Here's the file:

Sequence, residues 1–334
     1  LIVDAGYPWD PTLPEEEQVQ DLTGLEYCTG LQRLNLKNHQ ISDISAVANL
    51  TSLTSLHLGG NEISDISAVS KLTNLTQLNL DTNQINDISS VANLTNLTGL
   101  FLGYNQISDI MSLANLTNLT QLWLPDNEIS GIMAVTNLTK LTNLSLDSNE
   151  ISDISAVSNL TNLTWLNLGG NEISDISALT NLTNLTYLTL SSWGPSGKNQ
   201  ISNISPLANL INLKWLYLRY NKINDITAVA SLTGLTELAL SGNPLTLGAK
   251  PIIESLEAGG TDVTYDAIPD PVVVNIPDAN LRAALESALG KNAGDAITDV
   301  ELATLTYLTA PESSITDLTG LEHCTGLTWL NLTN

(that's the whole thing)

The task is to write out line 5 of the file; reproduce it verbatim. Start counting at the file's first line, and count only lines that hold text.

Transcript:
   151  ISDISAVSNL TNLTWLNLGG NEISDISALT NLTNLTYLTL SSWGPSGKNQ